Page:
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  Pain relief - Epidural
 
I am scheduled to have an epidural and would like to have some information on it.

The epidural is an incredible medical feat, in that a woman can be completely awake during the birth of her baby without experiencing any pain. It is an extremely safe method of pain relief when administered by a trained specialist, and can be used for both surgical and vaginal deliveries. The doctor will insert a small tube into your spine using a needle, once local anaesthetic has numbed the area. The sensations you can expect will be explained to you at the time, as some women experience tingling, sharp short pains and shivering. Once the tube is in place the medication is administered in small doses and the effect on the body can be closely controlled. This medication has the effect of numbing just the lower limbs so that the mother is fully awake.

You will be obliged to have an intravenous drip in order to control your blood pressure. Also usually a catheter is inserted to prevent any bladder problems. This is necessary because the bladder often does recognize when it is full, due to the effect of the medication.

Ideally the epidural would be inserted once a few centimeters of dilation have occurred. Usually the pushing urge is not influenced by the epidural. However should the mother be struggling to push, the situation could be remedied by reducing the medication until better control is achieved. The possibility of re-administering medication exists. This means that the woman could have an episiotomy or have a tear repaired without any pain at the end of the labour. It is this incredible versatility that makes the epidural such a flexible tool in the hands of a trained professional. There are the few situations in which the epidural is not effective and pain is not relieved. This may be due to the position of the baby relative to the spine of the mother.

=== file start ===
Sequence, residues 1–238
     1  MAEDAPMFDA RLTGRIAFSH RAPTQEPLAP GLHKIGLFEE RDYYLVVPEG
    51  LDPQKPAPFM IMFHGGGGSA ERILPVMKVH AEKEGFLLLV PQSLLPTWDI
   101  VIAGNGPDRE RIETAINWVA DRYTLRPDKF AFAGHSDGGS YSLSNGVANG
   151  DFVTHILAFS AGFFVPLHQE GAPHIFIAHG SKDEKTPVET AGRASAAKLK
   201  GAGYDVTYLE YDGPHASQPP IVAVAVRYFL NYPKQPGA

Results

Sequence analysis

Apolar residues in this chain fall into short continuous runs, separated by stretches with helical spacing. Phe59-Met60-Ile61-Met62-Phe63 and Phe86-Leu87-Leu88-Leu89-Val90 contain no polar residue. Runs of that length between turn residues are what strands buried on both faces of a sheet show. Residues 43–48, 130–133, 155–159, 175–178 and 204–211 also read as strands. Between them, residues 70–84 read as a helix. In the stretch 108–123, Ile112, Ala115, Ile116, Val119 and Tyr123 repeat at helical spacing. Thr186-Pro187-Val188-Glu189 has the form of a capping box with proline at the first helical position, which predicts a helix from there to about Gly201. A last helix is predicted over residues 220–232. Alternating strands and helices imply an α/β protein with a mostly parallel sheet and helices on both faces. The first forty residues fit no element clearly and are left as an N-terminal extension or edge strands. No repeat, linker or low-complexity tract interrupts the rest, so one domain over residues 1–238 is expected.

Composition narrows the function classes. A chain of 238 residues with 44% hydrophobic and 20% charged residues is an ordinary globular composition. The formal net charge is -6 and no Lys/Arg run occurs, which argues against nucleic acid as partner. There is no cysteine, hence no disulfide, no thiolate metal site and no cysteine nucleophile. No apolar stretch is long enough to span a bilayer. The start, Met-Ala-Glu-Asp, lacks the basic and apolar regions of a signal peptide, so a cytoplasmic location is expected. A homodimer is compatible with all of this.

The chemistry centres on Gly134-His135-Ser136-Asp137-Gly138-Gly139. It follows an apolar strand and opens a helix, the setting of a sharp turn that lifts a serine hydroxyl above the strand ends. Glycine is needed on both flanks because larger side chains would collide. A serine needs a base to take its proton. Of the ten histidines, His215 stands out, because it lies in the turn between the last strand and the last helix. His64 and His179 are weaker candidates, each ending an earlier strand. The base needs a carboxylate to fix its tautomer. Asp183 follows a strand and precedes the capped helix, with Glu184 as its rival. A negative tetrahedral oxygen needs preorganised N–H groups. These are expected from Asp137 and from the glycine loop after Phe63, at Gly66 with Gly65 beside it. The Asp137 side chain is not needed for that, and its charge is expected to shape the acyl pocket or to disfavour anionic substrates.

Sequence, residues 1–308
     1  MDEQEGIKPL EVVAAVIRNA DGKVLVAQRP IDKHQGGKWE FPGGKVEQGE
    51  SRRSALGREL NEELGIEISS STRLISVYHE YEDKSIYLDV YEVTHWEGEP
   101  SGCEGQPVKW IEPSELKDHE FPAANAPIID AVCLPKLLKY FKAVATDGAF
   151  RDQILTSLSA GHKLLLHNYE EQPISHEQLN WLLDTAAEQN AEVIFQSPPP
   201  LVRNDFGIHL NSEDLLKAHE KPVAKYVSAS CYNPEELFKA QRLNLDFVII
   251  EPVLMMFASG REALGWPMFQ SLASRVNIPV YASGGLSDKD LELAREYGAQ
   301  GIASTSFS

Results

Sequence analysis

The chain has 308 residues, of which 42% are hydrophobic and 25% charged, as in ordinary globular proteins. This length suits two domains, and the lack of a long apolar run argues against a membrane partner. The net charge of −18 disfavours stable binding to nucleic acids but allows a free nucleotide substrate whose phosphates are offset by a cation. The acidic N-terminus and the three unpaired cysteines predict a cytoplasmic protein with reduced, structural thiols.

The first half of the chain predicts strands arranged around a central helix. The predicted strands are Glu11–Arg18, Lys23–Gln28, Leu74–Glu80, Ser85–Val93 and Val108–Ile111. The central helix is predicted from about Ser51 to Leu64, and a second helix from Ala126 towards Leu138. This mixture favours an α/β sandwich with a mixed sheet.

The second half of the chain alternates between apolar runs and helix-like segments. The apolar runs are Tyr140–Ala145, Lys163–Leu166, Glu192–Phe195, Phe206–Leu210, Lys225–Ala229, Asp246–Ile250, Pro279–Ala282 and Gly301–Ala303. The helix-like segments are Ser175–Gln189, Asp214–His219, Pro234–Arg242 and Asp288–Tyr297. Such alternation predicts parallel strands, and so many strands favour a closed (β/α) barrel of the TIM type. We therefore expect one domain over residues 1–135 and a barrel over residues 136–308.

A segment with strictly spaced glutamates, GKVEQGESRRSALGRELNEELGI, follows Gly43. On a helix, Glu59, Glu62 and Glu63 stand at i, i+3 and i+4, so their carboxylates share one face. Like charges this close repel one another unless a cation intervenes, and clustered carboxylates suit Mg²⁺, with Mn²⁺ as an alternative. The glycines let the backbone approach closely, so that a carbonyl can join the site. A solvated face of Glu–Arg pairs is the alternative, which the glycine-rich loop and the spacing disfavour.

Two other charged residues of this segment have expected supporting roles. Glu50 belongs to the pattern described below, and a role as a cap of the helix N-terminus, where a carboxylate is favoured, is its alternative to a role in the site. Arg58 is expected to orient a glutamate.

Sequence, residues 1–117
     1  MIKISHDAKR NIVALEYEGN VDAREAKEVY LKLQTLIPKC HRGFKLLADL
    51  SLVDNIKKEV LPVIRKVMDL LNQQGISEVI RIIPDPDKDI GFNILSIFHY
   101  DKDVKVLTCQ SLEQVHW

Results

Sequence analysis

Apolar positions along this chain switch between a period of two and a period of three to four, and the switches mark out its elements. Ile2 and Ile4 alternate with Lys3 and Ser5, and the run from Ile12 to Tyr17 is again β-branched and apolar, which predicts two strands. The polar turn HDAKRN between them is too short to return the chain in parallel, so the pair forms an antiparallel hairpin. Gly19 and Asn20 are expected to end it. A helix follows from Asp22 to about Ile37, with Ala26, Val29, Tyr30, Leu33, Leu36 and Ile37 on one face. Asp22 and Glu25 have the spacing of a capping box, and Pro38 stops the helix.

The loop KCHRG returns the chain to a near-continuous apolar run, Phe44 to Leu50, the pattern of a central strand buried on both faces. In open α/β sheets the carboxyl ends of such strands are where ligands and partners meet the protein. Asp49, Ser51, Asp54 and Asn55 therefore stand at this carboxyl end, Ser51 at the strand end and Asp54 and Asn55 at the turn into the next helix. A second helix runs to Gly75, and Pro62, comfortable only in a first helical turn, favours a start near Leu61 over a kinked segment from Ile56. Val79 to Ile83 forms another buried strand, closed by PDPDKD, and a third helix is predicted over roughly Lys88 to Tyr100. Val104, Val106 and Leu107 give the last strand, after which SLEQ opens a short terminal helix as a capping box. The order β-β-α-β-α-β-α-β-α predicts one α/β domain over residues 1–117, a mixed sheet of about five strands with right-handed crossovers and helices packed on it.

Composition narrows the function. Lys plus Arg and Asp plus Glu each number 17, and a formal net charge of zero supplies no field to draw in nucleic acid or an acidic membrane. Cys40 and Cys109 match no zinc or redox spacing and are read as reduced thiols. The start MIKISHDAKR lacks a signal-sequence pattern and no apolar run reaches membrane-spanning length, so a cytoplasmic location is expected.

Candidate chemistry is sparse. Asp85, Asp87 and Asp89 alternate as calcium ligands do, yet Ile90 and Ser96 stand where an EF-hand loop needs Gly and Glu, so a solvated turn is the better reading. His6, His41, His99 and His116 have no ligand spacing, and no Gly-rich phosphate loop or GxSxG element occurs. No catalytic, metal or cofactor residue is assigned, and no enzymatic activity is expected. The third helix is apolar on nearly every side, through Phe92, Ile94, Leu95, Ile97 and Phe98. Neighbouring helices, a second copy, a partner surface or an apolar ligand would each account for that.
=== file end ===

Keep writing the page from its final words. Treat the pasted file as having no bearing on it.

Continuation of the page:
Because of the risk of a drop in blood pressure, your doctor may decide that this is not a feasible solution for your labour, should you be suffering from any kind of bleeding complication or foetal distress.

The foetal heart beat will be closely monitored, since occasionally the heart rate will drop due to the epidural. The epidural may also cause the contractions to slow or stop, and this will be monitored as medication can be administered to restart the contractions. While there is a school of thought that using epidurals increases the caesarian rate due to the slowing of contractions, studies have not supported that view. In addition there are some situations in which the administration of the epidural has caused relaxation of a tight pelvis which could be extremely helpful in assisting the progress of labour. Every case is different, and here again is a case where you must put trust in your doctor to guide you to the right decision.

See also:

Pain Relief - Discussion

Pain Relief - Effect on Baby

Pain Relief - General Aneasthetic

Pain Relief - Other than Medication

Pain Relief - Some Reasons

 
   
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